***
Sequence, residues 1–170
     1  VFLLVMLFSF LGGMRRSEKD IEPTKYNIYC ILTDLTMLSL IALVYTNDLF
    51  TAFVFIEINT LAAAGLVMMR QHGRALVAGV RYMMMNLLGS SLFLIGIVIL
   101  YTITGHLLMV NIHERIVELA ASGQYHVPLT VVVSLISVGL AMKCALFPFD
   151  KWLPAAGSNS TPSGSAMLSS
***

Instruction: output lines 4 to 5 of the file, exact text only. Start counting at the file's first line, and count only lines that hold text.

   101  YTITGHLLMV NIHERIVELA ASGQYHVPLT VVVSLISVGL AMKCALFPFD
   151  KWLPAAGSNS TPSGSAMLSS